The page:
A two-judge Bench of Justice L. Nageswara Rao and Justice BR Gavai while reiterating the case of Bharat Petroleum Corporation Limited v. R. Chandramouleeswaran and others has held that since Respondent No.1 was not in actual possession of the building and had sub-let/leased it to Respondent No. 2 he would not be entitled to the benefit under the Tenants Act and hence a writ petition under Article 226 by the landlord will be maintainable against it.

An appeal was preferred assailing the judgment of the Madras High Court which had denied the prayer of the Appellant landlord for directing the Respondents to vacate the property. The High Court had held that the relief claimed by the Appellant could not be granted in a petition under Article 226 of the Constitution of India and relegated the Appellant to an alternate remedy available in law.

Senior Counsel Mr. V. Giri appeared for the Appellant while Senior Counsel Mr. Kailash Vasdev appeared for the Respondents during the proceedings before the Court.

In this case, the Appellant had leased his vacant land to the Respondent which was renewed twice. The lease period came to an end on 31st December 2009. On the said premise Respondent No.1-­BPCL put up a petrol bunk, which was being operated by respondent No.2­ M/s Vijaya Auto Services, its licensor. Notices were issued by the Appellant to the Respondent to vacate the property when the lease got terminated, however, Respondent No.1 did not take any steps in connection with the same.

During the proceedings of the High Court, the Court noted that conduct of the Respondent No.1 was not befitting as an organ of a State.

The Appellant while referring to a precedent contended that the tenants would not be entitled to benefit and rights under the Tenants Act unless they are in actual physical possession of the building constructed by them. It was further argued that Respondent No.1 was enjoying the property without paying anything in return from the date of expiry of the lease and as such the conduct of the Respondent was unbecoming of a statutory corporation which is a State under Article 12 of the Constitution.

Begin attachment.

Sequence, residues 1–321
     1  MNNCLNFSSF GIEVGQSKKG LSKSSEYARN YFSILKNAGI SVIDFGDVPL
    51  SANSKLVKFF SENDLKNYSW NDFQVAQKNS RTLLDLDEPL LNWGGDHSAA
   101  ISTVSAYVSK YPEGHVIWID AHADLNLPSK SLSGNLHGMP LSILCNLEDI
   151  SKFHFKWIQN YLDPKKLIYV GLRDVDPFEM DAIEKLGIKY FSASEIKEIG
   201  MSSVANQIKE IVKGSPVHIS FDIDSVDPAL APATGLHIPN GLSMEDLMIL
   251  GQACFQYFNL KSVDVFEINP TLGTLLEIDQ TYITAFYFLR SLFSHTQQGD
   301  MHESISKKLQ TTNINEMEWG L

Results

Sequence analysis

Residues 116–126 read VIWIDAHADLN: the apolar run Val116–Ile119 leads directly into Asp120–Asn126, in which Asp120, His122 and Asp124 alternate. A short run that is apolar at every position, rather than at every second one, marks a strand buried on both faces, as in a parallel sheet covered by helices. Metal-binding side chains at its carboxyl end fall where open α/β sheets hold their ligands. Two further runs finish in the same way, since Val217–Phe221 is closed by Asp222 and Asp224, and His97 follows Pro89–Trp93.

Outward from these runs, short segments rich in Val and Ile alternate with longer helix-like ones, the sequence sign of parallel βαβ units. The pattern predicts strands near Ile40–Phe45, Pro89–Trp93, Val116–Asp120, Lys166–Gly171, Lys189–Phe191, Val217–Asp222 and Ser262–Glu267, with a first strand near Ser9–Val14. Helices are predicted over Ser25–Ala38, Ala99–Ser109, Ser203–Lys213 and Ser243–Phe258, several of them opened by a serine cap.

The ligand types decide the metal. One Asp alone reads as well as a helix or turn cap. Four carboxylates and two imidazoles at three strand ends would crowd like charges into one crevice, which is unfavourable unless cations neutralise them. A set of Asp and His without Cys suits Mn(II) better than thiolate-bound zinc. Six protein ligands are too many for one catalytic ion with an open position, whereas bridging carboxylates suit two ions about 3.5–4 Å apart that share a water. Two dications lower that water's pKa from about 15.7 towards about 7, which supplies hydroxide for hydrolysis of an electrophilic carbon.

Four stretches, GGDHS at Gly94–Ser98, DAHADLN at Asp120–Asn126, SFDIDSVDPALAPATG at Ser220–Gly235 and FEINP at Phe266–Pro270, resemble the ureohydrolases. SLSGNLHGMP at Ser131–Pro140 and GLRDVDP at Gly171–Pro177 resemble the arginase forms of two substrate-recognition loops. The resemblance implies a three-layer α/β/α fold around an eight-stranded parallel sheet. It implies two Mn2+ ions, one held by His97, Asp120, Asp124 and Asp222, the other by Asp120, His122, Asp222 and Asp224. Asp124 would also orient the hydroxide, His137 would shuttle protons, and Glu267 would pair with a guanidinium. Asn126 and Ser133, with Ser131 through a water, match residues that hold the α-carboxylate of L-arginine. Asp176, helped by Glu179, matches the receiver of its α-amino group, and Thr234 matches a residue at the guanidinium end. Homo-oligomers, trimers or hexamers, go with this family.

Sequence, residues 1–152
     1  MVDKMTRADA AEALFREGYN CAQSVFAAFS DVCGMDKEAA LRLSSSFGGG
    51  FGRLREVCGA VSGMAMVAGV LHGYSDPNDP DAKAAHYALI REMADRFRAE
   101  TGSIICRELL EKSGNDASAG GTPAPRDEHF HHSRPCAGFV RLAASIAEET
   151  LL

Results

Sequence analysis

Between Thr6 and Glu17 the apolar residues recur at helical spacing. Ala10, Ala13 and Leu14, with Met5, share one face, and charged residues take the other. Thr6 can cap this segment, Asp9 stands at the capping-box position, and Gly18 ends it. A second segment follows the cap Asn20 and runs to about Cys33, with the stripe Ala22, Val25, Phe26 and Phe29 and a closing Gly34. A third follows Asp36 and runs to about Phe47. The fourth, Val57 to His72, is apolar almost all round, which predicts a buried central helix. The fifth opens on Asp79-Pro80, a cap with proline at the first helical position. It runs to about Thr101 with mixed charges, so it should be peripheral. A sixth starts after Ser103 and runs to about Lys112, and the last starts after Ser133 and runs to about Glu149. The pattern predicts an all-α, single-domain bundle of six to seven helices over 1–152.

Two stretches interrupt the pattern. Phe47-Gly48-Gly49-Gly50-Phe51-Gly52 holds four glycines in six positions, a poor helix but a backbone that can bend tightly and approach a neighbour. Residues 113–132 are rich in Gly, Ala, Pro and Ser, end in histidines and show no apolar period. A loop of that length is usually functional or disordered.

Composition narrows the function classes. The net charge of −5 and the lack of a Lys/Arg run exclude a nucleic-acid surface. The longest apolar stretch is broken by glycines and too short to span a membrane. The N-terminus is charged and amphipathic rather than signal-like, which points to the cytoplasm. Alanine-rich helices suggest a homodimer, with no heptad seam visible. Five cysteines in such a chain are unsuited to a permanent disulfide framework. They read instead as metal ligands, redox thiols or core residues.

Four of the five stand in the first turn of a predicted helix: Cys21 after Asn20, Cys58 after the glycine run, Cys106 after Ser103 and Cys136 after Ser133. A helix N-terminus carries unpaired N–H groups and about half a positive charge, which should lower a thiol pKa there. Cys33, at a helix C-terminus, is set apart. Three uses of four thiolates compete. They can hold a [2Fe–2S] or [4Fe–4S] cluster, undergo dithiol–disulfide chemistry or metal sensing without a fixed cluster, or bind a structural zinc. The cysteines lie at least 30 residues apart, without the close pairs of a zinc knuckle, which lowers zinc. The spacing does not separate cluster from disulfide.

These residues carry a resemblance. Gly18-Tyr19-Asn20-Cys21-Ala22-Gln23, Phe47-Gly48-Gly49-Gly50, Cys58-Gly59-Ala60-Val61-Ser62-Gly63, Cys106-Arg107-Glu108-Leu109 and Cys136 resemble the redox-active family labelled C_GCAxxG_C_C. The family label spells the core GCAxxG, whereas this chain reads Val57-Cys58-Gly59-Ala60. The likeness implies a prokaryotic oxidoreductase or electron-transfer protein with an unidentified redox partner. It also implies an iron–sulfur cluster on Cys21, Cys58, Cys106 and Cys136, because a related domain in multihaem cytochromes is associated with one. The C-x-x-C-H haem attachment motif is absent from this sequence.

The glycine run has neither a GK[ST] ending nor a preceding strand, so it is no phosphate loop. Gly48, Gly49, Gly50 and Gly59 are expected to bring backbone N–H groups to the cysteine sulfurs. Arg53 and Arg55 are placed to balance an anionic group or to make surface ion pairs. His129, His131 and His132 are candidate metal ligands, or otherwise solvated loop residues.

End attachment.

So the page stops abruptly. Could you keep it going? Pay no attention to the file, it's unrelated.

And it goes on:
The Apex Court made a reference to the case of Bharat Petroleum Corporation Ltd. v. Nirmala and others and noted the view taken by the Court while interpreting the word 'actual physical possession.'

"The expression 'actual physical possession of land and building' would mean and require the tenant to be in actual physical possession and sub­clause (b) would not apply if the tenant has sub­let the building or has given the premises on leave and licence basis. It further held that the aforesaid decision would operate as res judicata in the case of the appellant and the landlords who were parties to the said decision."

Further, the Bench observed, "The position is amply made clear by observing that in case the appellants have let out or sub­let the building or given it to third parties, including dealers or licensees, they would not be entitled to protection and benefit under the Tenants Act."

Additionally, the Court held that the view taken by the High Court thereby relegating the Appellant to the alternate remedy available in law was not sustainable.

Also, the Bench held that while directing the Respondents to vacate the premises, it would also be necessary for the interests of justice to direct Respondent No.1 to pay arrears of market rent from 31st December 2009 till the date of delivery of possession at the market rate.

In the light of these observations, the Court allowed the appeal with the following directions – i) Respondent to vacate the premises and hand over peaceful and vacant possession of the same within 3 months; ii) Respondent was directed to pay arrears of market rent to the Appellant.

Also, Respondent No. 1 BPCL was ordered to pay the cost of Rs. 1 lakh to the Appellant.

The Court postponed the issue of determination of market rent for a period of three weeks.

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